Chapter One Introduction
1.1 Background of the Study
Fluent oral expression is easy for normal native speakers, but for most second language learners, fluent oral production is quite a demanding task. For Chinese learners, the current situation of oral expression is even more worrying due to the exam-centered English teaching system which has long paid more attention to language input like reading and listening but neglected the importance of language output which are writing and speaking, leading to a deficiency of English communication skills (especially speaking skills) and the phenomenon of mute English to become a true portrayal of English learning in China. During the learning process, students receive a large proportion of mechanical input which is relatively useless to activate their knowledge effectively. The oral ability fails to meet the need for communication, which triggers amounts of phenomena of repetition, long and unnatural filled and unfilled pauses, self-repair, etc., therefore dysfluency appears.
Under such a background, the analysis of students’ oral English level is very important. Since oral fluency performance is fairly intuitive to reflect a student’s oral level, it is regarded as one of the most important indicators for judging a student’s second language proficiency. Oral fluency is also highly required in the English Curriculum Standards for Compulsory Education (2022-year Edition) and the Teaching Syllables for English Majors (2000). For compulsory education, English proficiency is divided into nine levels corresponding to each learning stage and different levels are under varieties of oral requirements, for example like Grade 9 in middle school is level 5 which requires the oral ability to achieve natural pronunciation, intonation and tone in oral activities such as expressing own viewpoints and opinions on simple topics, conducting appropriate self-correction in oral expression, and performing dramas in English. For English major students, the requirement for seniors needs the ability to conduct conversations with foreigners on significant issues and convey opinions fluently, appropriately and coherently. As discussed above, it is evident to see the noteworthiness of oral fluency and the urgency of further studies to strengthen oral teaching.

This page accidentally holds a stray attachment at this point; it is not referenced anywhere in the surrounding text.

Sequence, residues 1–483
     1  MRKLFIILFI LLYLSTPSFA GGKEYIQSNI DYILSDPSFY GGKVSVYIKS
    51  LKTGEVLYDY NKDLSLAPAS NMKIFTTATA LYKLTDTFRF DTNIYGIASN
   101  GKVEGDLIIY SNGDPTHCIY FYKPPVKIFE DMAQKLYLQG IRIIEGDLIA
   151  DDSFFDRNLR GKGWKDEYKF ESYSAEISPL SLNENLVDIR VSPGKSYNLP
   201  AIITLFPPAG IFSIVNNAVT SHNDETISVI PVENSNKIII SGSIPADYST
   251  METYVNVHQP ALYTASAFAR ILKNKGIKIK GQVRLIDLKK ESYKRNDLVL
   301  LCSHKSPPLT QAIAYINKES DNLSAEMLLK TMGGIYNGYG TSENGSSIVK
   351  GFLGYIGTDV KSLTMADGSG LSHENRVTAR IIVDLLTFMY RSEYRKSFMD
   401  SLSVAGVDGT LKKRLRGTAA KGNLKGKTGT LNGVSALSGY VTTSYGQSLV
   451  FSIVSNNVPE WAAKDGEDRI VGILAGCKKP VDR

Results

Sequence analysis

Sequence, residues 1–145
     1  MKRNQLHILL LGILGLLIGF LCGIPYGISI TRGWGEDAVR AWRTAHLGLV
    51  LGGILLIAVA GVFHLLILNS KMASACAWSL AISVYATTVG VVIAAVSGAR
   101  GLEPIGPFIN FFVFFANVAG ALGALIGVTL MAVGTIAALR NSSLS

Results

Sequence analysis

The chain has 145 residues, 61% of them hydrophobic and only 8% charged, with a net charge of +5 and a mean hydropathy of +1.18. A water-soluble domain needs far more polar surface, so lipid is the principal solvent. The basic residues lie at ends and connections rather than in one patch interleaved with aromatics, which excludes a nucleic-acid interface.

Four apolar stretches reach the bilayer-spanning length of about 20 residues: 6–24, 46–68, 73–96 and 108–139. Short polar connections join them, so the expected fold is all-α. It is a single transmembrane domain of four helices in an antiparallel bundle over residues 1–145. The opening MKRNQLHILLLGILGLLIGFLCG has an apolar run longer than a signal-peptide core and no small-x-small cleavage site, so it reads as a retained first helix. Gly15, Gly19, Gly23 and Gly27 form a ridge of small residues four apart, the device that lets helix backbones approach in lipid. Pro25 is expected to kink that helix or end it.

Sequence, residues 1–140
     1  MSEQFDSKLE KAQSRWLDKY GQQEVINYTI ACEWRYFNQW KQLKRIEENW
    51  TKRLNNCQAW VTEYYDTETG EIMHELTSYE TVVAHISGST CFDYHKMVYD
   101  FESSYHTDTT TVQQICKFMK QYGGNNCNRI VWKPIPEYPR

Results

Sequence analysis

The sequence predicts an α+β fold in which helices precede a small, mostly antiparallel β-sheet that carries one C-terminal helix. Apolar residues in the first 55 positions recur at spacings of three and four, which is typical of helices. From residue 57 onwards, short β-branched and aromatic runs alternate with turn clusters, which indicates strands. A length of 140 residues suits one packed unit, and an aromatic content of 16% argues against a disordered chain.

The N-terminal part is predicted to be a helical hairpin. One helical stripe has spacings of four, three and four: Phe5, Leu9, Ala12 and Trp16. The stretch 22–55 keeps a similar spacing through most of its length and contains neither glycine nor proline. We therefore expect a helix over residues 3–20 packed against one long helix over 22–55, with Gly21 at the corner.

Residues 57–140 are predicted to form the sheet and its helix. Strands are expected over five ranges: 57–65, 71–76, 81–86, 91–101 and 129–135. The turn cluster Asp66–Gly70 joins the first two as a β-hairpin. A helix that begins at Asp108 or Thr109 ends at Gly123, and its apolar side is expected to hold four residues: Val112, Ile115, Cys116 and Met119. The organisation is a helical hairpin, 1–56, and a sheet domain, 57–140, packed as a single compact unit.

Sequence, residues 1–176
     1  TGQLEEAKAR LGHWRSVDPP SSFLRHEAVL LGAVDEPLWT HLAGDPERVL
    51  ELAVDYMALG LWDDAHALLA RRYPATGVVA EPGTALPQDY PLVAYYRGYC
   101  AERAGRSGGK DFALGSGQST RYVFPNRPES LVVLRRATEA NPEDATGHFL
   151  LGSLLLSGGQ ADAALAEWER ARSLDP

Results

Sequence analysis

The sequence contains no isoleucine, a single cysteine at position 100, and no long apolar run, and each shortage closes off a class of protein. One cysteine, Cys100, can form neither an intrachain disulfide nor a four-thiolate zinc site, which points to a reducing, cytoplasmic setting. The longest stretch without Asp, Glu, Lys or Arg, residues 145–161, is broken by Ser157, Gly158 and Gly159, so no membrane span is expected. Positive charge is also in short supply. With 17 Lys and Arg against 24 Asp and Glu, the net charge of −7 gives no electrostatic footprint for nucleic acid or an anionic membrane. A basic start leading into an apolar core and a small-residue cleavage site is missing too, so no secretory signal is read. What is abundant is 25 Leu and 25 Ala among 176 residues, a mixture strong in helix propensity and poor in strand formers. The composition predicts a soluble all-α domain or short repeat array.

1.2 Research Objectives
As mentioned above, the related studies of oral fluency development mainly put focus on one single learning stage but neglect the developmental features among different stages. It remains vague what oral fluency conditions are among several grades by the middle, senior high school and English major students and how developmental features change in line with different grades. In this situation, the present study chiefly intends to investigate the following 3 primary objectives:
Firstly, the current condition of oral fluency of learners from three stages will be examined and also the handicaps learners face in their oral production will be demonstrated.
Secondly, the developmental features of oral fluency among three stages will be tracked. To fulfill this purpose, the notion of developmental features should be defined in the first place. Wen (2009) considers this notion as an integrating construct comprising three sub-dimensions that should be observed independently. The first dimension is the developmental trend apprehending the course of oral fluency growth or decrease over time and clarifying the linear or non-linear route. The second one is the developmental rate which is correlated with the difference in each index among grades, i.e. the rate is at a rapid pace when there exists a significant difference, otherwise, the development is quite slow. The last dimension is the developmental result handling the question of whether learners’ oral production is advancing towards or stepping away from the near-native level, or in other words, progressive or regressive.